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SICP exercise 1.46

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Problem

Several of the numerical methods described in chapter 1 of the text are instances of an extremely general computational strategy known as iterative improvement. Iterative improvement says that, to compute something, we start with an initial guess for the answer, test if the guess is good enough, and otherwise improve the guess and continue the process using the improved guess as the new guess. Write a procedure iterative-improve that takes two procedures as arguments: a method for telling whether a guess is good enough and a method for improving a guess. iterative-improve should return as its value a procedure that takes a guess as argument and keeps improving the guess until it is good enough. Rewrite the sqrt procedure of section 1.1.7 in the text and the fixed-point procedure of section 1.3.3 in terms of iterative-improve.

Solution

Here's one implementation of the requested iterative-improve procedure. Note that some iterative improvement algorithms will need to compare the current guess to the next guess in order to tell when the next guess is good enough, and others will only need the current guess. To accomodate both approaches, the good-enough? argument is a procedure which takes two arguments, the first of which is the current guess and the 2nd the next guess. Procedures which use iterative-improve can choose to ignore either argument in their good-enough? implementations.

(define (iterative-improve good-enough? improve)
  (define (check guess)
    (let ((next-guess (improve guess)))
      (if (good-enough? guess next-guess)
          next-guess
          (check next-guess))))
  (lambda (initial-guess)
    (check initial-guess)))

Here's an implementation of the sqrt method from section 1.1.7 which uses iterative-improve. Its good-enough? test ignores the guess argument and uses only next-guess.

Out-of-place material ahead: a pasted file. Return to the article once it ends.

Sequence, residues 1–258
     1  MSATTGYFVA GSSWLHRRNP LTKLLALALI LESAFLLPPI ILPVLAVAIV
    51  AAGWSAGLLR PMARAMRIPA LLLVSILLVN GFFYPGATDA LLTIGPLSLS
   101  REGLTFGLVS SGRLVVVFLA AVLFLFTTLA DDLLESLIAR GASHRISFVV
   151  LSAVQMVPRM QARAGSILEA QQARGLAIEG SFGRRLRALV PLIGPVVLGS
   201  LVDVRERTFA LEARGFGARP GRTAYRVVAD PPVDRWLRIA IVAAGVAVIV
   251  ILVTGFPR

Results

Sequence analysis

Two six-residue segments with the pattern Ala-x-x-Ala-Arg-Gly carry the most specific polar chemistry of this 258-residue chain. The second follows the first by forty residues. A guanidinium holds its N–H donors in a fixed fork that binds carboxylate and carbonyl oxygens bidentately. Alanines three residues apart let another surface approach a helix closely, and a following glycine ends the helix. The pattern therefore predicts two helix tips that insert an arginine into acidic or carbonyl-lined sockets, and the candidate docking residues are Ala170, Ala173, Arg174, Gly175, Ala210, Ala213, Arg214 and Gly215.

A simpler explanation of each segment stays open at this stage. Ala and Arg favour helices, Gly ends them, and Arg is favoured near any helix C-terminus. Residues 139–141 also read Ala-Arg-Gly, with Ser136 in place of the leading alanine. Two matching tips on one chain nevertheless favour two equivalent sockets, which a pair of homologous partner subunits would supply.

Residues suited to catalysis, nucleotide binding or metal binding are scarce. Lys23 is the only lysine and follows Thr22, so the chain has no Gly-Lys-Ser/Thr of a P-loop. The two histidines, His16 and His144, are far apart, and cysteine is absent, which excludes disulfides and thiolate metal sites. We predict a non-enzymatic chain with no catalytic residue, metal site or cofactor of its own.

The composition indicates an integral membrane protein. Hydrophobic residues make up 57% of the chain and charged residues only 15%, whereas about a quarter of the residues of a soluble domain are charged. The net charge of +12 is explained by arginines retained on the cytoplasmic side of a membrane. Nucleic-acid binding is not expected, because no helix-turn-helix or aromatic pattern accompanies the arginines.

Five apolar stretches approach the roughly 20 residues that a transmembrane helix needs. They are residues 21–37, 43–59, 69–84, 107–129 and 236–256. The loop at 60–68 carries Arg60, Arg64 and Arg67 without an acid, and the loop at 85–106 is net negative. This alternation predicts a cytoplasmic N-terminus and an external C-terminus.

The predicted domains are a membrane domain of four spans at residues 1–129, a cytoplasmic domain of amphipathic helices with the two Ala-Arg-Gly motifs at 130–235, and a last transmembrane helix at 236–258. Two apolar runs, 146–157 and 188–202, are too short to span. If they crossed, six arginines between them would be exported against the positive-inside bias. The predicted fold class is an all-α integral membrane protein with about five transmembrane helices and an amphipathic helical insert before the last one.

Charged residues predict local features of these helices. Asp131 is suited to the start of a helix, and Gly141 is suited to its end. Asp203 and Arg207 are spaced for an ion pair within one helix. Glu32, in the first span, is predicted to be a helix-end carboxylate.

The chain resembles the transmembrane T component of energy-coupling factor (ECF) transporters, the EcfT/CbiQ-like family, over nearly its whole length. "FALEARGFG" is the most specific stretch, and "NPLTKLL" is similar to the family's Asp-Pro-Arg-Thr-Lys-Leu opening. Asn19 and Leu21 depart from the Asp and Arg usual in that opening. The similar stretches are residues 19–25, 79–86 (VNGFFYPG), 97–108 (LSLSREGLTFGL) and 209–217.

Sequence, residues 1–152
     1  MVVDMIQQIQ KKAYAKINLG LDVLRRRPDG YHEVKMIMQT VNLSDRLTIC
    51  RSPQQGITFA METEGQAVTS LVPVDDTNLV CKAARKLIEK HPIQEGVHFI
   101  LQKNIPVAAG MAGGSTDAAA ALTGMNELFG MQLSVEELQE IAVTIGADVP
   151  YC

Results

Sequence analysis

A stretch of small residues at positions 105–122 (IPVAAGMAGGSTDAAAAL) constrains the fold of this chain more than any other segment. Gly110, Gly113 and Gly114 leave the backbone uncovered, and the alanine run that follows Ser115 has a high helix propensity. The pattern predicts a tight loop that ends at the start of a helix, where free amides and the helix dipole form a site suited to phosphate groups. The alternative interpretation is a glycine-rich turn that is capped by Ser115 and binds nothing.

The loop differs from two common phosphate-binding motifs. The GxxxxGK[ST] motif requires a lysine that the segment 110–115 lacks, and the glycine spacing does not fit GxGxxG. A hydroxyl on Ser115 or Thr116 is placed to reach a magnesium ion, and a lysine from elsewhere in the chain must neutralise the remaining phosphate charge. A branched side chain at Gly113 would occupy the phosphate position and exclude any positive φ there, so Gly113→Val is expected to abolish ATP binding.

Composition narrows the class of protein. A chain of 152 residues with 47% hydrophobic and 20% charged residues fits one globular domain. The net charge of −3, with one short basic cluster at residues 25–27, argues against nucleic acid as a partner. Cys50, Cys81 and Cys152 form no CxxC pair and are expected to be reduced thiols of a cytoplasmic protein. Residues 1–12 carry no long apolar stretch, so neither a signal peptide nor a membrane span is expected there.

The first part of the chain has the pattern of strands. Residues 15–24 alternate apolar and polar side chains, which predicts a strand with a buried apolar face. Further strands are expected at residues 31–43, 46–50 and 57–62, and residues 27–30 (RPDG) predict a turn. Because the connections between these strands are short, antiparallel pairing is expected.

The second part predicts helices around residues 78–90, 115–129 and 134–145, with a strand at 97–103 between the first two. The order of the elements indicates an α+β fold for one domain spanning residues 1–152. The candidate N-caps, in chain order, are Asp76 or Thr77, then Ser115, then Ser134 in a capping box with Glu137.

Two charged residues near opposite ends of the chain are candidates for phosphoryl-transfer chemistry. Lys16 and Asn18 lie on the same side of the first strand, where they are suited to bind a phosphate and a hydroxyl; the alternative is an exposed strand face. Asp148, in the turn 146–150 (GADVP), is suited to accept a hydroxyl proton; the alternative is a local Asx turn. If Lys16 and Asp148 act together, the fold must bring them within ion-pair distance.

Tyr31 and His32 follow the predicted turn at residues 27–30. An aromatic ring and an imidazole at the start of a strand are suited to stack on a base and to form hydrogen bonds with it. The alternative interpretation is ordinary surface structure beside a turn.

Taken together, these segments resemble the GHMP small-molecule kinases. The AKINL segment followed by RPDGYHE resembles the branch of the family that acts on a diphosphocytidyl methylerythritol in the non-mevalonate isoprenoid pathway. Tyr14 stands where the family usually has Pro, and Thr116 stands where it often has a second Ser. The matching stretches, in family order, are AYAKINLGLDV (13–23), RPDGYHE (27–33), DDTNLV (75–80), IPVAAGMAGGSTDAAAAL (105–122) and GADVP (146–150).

(define (average x y)
  (/ (+ x y) 2))
 
(define (square x) (* x x))
 
(define (sqrt x)
  (define (good-enough? guess next-guess)
    (< (abs (- (square next-guess) x)) 0.001))
  (define (improve guess)
    (average guess (/ x guess)))
  ((iterative-improve good-enough? improve) x))

Tests (results from Chicken Scheme 3.1 on a MacBook Pro running Mac OS X 10.5):

(sqrt 9)

Output:

3.00009155413138
(sqrt 100)

Output:

10.0000000001399
(sqrt 64)

Output:

8.00000165528959


And here's a fixed-point procedure from section 1.3.3 which uses iterative-improve: its close-enough? test uses both arguments.

(define tolerance 0.00001)
 
(define (fixed-point f first-guess)
  (define (close-enough? guess next-guess)
    (< (abs (- guess next-guess)) tolerance))
  (define (improve guess)
    (f guess))
  ((iterative-improve close-enough? improve) first-guess))

Here are a few tests using this fixed-point procedure, including another sqrt implementation using average damping.

(define (average-damp f)
  (lambda (x) (average x (f x))))
 
(define (fixed-point-sqrt x)
  (fixed-point (average-damp (lambda (y) (/ x y)))
               1.0))

Tests:

(fixed-point-sqrt 9)

Output:

3.0
(fixed-point-sqrt 16)

Output:

4.00000000000005
(fixed-point-sqrt 64)

Output:

8.00000000000017


And just for good measure, here's a cube-root procedure:

(define (cube-root x)
  (fixed-point (average-damp (lambda (y) (/ x (square y))))
               1.0))
(cube-root 8)

Output:

1.99999818247885
(cube-root 27)

Output:

2.99999723210577
(cube-root (* 7 7 7))

Output:

6.99999750595221
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